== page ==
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Arts and Entertainment

We Tried Out The Netflix Of Concerts: $25/Month For All The Shows

Monthly subscriptions are $25 to $45 per month (Photo by dwphotos via Shutterstock)
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There's a new service that allows users to snag tickets to an unlimited number of shows at venues around Los Angeles. They're calling themselves the Netflix of concerts. We tried it out to see how it works.Jukely Unlimited launched last month in L.A. after launching last fall in New York. Subscribers to the monthly service have access to numerous shows each month for a flat subscription fee.

Here's the deal: When you log into Jukely Unlimited, you'll be able to see passes to a bunch of shows. Passes are available two days in advance, and new passes are released at 11 a.m. daily. You'll see each show's date, time and venue, and you can also watch an artist's video or listen to a track if they're unfamiliar to you. There's usually at least five shows to choose from per day. To go to a show, you simply select 'get pass' and then, depending on your subscription level, you'll either have one or two tickets waiting for you. Jukely Unlimited is $25/month, and Jukely Unlimited Plus—which gives you a ticket for a guest, too—is $45/month. You'll receive confirmation via text message.

When you arrive at the venue, your name should be on the list. I tried this out on a Friday night at the Viper Room, and getting in was a piece of cake. I told the door man that I was using Jukely, gave him my name and went right into the show. Other shows might send you tickets in the form of a .pdf, depending on how the venue or promoters choose to provide Jukely with access.

Once you select a show, your account will be locked until you check into the show or cancel your tickets. You can do this on your phone, and you'll get a text message that reminds you to do so. You will not be able to lie about it unless you are relatively close to the venue since the app uses your phone to verify your location. Once you check in, you'll immediately be able to get passes for your next show. If you miss a show without canceling, you'll have a 24-hour lock on your account. This might seem a little limiting for those who might want to use the app on two consecutive days, but it does hold users accountable and ensures no one user will go through and snatch up all the available passes.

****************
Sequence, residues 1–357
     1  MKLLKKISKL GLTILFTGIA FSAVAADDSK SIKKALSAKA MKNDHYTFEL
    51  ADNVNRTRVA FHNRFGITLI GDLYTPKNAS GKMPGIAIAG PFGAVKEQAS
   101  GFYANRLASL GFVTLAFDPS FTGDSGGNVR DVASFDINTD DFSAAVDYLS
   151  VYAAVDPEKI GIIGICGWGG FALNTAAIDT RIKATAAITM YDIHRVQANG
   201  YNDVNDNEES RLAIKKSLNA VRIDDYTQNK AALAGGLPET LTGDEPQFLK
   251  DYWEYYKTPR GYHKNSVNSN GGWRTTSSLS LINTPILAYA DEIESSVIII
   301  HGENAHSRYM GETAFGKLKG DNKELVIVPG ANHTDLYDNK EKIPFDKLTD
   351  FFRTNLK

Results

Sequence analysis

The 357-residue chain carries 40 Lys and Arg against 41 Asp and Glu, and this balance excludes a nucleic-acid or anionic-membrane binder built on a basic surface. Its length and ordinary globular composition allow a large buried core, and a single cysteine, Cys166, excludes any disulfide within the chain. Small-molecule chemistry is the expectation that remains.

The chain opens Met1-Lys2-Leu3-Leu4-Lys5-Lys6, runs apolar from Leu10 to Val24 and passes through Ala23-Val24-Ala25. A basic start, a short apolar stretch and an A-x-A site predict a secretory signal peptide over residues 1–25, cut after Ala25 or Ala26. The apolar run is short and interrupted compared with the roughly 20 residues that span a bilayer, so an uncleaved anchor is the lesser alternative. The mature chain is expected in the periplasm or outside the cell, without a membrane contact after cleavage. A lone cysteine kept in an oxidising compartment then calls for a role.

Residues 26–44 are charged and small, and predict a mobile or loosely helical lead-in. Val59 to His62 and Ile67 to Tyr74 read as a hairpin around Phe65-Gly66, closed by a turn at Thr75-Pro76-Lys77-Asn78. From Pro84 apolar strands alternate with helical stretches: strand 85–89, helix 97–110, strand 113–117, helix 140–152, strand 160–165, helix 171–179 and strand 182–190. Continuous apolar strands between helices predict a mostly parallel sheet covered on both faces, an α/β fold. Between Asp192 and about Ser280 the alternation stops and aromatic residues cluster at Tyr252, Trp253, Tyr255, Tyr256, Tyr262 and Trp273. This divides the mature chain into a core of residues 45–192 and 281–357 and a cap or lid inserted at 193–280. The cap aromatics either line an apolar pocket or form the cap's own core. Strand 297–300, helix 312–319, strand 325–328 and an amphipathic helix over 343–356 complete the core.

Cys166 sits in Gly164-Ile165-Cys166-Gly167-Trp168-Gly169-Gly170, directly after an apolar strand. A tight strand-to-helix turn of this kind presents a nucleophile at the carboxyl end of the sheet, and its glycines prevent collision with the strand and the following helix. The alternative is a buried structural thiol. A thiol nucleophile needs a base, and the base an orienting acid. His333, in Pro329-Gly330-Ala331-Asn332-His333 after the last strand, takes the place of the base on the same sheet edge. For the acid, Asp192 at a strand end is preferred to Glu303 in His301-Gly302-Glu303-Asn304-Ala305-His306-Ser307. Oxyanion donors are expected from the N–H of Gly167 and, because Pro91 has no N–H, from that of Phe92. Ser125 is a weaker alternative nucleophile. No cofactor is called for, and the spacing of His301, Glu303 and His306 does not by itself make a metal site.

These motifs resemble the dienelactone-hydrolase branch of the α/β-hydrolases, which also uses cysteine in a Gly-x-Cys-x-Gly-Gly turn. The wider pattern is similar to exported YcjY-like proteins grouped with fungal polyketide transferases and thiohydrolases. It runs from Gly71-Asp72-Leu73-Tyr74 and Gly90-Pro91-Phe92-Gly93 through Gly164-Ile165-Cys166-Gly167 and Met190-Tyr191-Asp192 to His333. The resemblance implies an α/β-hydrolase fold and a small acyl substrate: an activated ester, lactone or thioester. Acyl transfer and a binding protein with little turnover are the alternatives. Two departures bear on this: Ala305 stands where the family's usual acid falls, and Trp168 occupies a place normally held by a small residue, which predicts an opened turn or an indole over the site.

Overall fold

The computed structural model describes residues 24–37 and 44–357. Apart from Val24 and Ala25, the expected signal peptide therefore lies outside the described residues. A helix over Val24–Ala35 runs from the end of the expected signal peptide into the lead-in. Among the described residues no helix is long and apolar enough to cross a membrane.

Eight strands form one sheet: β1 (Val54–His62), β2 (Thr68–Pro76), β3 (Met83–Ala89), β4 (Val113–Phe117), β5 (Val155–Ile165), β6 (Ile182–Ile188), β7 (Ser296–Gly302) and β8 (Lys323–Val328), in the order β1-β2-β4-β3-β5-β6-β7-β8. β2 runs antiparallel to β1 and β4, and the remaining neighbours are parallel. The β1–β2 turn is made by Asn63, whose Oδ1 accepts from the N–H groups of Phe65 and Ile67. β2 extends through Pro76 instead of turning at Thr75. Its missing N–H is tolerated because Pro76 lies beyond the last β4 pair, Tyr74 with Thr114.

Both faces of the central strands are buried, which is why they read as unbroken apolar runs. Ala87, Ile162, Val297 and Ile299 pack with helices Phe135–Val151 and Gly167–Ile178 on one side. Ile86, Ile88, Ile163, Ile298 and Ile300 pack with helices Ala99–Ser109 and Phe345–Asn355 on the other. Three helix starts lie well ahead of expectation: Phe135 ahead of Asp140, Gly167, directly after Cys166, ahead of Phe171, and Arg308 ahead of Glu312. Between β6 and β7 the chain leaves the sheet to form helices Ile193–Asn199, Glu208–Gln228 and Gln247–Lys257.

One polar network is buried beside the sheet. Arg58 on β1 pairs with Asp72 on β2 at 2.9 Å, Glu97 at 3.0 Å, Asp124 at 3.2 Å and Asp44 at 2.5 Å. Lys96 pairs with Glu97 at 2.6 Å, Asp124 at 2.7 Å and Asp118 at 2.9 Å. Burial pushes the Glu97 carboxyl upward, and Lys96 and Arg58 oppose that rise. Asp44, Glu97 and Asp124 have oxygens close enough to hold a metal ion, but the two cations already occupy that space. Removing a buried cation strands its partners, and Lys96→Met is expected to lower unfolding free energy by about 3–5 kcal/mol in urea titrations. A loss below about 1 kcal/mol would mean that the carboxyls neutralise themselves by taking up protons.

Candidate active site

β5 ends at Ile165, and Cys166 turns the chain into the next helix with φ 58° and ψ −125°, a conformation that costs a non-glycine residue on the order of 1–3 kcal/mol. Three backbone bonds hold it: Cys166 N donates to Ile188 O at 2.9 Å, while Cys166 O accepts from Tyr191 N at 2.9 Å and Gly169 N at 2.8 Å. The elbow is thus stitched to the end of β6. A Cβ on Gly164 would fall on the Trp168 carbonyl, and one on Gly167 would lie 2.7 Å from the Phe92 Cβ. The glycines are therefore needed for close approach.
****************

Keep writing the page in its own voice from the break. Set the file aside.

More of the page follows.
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If you go to Jukely's main site and look at upcoming shows, you will see many more shows—some big-name headliners—many months in advance. There's no guarantee that these shows will be available using Jukely Unlimited. Jukely co-funder Bora Celik stressed to LAist that the service is not about scoring cheap tickets to see headlining acts. It's about discovering new music and encouraging users to go to more shows. There's little risk in using the app to check out an artist you might not have heard of before on a night where you have no plans. If you don't like the act, the tickets were of no added cost to you. If you do like the show, then it's a win all around.

However, while this app is mostly about finding new favorites and getting out to see live music, there are a few larger headliners that show up: Bush, Paul Oakenfold and Zola Jesus all popped up this recently. Tickets for these shows tend to go very quickly. If you know there's a show you want to see, your best bet is to be online at 11 a.m. two days in advance to snatch those passes up if they're available. I kept forgetting, so there were a few shows we might have seen that were sold out by the time I checked, which was usually early afternoon. Celik recommends that users buy tickets separately for popular headliners if they absolutely know they want to see them.

As far as bands most commonly available via Jukely Unlimited, we noticed a lot of folk, EDM, indie and rock acts, as well as a few metal and punk shows. Popular venues are the Echo, Sound and the Sunset Strip clubs. Some are local acts and others are smaller, touring outfits. Some are unexpected twists. For example, we got to see Metalachi, a mariachi band that does covers of metal songs. Tonight, you could catch Dead Heroine (rock), Israel Nash (folk) or singer-songwriter Nicole Atkins. Passes for Kate Voegele, Corners and Ben Howard are sold out.

"The most popular music [to see] in New York is electronic and indie music," Celik said. "To our surprise, metal has been becoming very popular. Another thing that we've been observing is people saying they only listen to [one genre], but if they're not doing anything on a week night, they say, 'why not?' and go." Celik said that Jukely users tend to hit up an average of 2.5 concerts a month.

All in all, if you're more inclined to only see bands you are familiar with, you're probably better off buying one-off tickets to those concerts. However, if you're a music lover who appreciates live shows and doesn't mind taking a chance on new acts, you'll probably get more than your money's worth out of this service—and it's a good way to fill up those nights when you're not sure what to do. Also, if you're looking for an innovative gift for a music lover, a month with Jukely Unlimited wouldn't be a bad idea.

Subscribers will be able to use Jukely in any city that also has the service. So far, it's launched in New York, Los Angeles and San Francisco. New users can sign up for a free 7-day trial here.